A standard 5 string banjo is often tuned to Open G (gDgbd). Disregarding the high drone g string, using a 4 string CBG, I usually use Dgbd tuning (CD 5). This is also the highest strings of the full 6 string tuning on guitar for Open G - DGDgbd (CD 2).
This banjo simply reduces the standard banjo tuning down by elimating the two highest strings. gDgbd into gDg. I use this GDg tuning on 3 string CBG too (CD 4). The only difference is the (banjo) tone created by having a high drone g instead of a lower g on CBG.
(Note: I am tuned up a full step to aEa on this banjo. Due to the fact the relationships between the strings are staying the same, all the finger positions will be the same.) A fundamental understanding of musical theory can go a long way to seeing the various possibilities of playing in different keys. (CD 7)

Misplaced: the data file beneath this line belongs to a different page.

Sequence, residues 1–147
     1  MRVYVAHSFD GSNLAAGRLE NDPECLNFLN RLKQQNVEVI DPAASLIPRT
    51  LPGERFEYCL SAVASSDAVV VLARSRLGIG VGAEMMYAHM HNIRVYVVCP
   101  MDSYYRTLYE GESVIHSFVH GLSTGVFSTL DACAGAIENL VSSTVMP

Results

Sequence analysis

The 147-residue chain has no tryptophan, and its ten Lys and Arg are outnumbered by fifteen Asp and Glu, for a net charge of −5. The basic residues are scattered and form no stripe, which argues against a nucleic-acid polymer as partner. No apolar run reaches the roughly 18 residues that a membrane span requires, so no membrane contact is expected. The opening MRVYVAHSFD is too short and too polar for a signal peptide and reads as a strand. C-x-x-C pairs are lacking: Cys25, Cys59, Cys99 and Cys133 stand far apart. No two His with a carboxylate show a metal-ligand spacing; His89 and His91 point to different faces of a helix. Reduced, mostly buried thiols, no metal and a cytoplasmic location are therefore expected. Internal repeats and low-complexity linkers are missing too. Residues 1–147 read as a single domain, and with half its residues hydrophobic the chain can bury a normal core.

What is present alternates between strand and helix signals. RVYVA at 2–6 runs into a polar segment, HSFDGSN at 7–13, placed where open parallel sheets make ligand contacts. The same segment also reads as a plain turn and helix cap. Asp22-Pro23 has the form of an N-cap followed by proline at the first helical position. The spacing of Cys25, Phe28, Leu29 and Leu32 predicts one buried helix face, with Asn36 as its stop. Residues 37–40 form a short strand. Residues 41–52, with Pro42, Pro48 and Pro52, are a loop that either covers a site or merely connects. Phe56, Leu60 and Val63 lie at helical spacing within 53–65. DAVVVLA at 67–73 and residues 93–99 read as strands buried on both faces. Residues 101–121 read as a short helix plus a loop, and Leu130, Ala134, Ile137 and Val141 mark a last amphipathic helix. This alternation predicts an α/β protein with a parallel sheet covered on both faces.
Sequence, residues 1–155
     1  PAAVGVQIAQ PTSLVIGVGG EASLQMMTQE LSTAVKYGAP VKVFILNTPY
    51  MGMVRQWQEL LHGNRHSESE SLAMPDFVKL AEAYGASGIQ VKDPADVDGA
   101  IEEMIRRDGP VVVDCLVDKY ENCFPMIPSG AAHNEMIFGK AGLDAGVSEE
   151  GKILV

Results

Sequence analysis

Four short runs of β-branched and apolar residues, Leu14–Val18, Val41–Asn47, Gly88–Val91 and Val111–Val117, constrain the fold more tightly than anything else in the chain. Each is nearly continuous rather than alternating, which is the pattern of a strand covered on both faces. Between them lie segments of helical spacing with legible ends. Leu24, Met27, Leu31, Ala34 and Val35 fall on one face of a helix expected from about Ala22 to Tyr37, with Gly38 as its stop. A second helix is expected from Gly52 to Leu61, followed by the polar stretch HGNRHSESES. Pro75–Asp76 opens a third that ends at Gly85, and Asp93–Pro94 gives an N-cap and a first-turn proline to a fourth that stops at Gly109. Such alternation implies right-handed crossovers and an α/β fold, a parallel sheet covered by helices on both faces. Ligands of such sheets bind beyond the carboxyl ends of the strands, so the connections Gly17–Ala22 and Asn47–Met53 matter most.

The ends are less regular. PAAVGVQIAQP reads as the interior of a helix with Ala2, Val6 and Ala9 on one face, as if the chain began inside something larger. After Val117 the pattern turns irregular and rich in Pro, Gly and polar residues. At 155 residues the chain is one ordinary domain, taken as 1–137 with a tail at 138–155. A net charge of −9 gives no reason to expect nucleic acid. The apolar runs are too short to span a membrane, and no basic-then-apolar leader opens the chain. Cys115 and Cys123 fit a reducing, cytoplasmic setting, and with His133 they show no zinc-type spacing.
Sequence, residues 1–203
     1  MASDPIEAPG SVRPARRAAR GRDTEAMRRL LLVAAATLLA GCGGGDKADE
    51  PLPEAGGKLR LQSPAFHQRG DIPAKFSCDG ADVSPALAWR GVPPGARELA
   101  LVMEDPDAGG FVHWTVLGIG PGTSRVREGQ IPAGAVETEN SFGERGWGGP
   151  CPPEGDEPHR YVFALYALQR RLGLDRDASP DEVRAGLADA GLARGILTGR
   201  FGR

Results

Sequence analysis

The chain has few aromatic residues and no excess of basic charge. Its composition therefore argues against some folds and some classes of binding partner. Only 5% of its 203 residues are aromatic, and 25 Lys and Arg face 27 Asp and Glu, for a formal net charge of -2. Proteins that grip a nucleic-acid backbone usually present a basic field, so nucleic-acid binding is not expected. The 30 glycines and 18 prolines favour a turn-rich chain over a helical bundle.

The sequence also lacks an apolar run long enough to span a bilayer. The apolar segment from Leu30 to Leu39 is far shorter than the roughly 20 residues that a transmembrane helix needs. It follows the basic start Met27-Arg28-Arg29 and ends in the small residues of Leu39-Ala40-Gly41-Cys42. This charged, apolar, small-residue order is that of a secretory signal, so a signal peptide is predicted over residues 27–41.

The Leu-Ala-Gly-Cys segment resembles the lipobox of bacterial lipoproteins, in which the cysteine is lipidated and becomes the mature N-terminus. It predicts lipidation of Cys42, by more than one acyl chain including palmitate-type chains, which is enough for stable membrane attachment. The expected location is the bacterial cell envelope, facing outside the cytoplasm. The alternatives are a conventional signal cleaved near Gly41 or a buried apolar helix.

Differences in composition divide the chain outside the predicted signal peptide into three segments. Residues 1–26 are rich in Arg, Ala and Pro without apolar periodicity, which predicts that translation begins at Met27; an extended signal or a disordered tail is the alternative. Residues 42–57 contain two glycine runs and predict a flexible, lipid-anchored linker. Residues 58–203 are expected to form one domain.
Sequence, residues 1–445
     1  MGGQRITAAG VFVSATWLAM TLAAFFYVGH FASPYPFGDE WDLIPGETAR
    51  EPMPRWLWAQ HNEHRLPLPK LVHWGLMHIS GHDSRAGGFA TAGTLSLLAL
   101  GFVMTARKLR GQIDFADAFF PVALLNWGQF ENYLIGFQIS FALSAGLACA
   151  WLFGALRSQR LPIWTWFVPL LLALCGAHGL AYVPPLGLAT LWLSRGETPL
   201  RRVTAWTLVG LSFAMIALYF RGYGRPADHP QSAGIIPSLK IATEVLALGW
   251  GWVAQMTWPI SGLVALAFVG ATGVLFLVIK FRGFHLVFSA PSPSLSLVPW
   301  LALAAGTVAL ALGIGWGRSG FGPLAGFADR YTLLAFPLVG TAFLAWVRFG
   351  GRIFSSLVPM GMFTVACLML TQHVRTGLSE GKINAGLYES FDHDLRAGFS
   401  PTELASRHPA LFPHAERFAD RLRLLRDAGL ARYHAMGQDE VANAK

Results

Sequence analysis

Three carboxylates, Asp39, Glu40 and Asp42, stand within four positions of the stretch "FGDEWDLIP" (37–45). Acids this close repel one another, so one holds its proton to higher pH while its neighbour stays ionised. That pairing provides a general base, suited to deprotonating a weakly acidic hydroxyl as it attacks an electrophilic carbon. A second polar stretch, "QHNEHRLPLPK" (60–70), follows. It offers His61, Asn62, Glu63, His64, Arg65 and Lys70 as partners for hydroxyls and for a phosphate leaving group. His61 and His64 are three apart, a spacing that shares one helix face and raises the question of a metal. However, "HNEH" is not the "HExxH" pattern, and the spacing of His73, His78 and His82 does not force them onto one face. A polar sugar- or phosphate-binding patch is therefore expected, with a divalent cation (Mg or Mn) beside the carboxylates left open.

In a future video, I will present a more traditional approach by alternating the high drone a and E strings while playing a melody line on the first a string. Keep in mind, 5 string banjos are usually fingerpicked (Earl Scruggs 3 finger style) or use the claw hammer method. 4 string tenor or plectrum banjos are played with a flat pick.
Another interesting possibility would be an altered 4 string banjo. A high g drone and Dgb. Dgb is the same string relationship from the major scale (513) as the ADf# tuning I use on CD 6 for 3 string CBG. Using the movable chord method that this tuning offers could make for a very versatile instrument. (Note: This instrument could be tuned up a whole step to aEac# and all the fingering positions would remain the same.)
Enjoy your practice. http://youtu.be/o8PKhCCcA44